We all know that software piracy is rampant, especially in developing countries. Among the larger nations, China must be the largest consumer of such illicit products. A new development is the regulation that a particular screening software named Green Dam Youth Escort must come pre-installed on all systems sold in China. The regulations come into force in a fortnight’s time from July 1. Foreign ministry spokesman Qin Gang said: “The purpose of this is to effectively manage harmful material for the public and prevent it from being spread….. The Chinese government pushes forward the healthy development of the internet. But it lawfully manages the internet.”
There is a limit to what the responsibilities of a government are. An initiative to remove all sex-screening ads from Indian search was laudable, for it helped fight the evil of female infanticide. But what is happening in China and has been happening for long now, is cyber dictatorship. You cannot browse any site that the government says you should not. Mr. Qin Gang added the software would filter out pornographic or violent material. There is no clear definition of those terms, so I wonder what all the fuss is all about. The internet is a source of knowledge, good and not so good, and it is left to the user’s discretion to decide between what to use and what to ignore. This type of patronising attitude on the government’s part is worrisome in that the users have no choice but to follow whatever the government does. We very well know bloggers who do not agree with the communist philosophy are sent to solitary confinement, and these bloggers have been intellects like professors and teachers.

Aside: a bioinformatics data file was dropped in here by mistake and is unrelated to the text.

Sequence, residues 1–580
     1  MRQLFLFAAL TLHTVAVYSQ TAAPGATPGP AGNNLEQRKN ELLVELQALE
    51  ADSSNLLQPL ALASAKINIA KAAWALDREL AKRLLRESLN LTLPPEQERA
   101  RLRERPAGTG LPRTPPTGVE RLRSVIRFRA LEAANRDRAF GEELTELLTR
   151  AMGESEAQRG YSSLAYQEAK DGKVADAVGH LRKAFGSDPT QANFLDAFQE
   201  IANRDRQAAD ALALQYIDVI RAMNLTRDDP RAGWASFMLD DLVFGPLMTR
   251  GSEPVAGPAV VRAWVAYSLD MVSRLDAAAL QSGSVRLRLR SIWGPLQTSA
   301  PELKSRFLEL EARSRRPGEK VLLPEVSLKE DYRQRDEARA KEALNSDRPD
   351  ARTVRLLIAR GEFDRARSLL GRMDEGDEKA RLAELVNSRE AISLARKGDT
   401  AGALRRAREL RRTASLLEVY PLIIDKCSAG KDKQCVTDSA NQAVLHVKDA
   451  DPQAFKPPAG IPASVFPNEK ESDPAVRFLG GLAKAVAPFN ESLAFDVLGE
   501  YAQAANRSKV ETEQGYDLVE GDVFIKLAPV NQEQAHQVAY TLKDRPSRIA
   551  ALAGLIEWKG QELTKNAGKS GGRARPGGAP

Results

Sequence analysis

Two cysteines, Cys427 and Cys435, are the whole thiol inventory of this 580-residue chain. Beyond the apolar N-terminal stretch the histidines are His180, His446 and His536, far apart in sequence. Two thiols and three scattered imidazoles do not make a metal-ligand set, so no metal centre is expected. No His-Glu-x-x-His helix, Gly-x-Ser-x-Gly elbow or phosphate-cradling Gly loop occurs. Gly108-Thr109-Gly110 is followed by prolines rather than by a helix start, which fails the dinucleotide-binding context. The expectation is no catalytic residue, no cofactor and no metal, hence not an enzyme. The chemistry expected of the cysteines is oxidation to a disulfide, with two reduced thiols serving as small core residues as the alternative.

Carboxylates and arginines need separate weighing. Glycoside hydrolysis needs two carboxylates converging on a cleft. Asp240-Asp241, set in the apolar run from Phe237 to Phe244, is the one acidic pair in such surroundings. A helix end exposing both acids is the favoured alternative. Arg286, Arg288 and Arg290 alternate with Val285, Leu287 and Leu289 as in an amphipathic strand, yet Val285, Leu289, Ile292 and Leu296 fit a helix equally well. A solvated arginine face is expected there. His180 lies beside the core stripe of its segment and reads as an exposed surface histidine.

Now to the point, the software named Green Dam Youth Escort is not actually their own product, but the rip-off a child internet safety software, Cybersitter made by a California based company Solid Oak.
“If China had gotten hold of free pirated copies of Microsoft’s Windows and told Dell and HP to put this on all computers you ship, you would hear a loud outcry. China has a very loose interpretation of what is intellectual property,” said Mr Brian Milburn of the Santa Barbara based company.
According to the BBC the company is contacting Dell, Hewlett-Packard and other computer makers to stop the compromised material from being shipped. Chinese programmers vehemently deny these facts, but cannot hide behind their veils these days. After all, the Chinese have reverse engineered Russian warfare technology, rebranded it and proclaimed it as their own. That is surely not indigenous, sir! It is plagiarism, and an act of theft committed knowing full well that you are making fools of the Russians who sold you that defence equipment.
I believe that this is the first instance of a government promoting use of pirated software, throwing to winds international laws on intellectual property rights.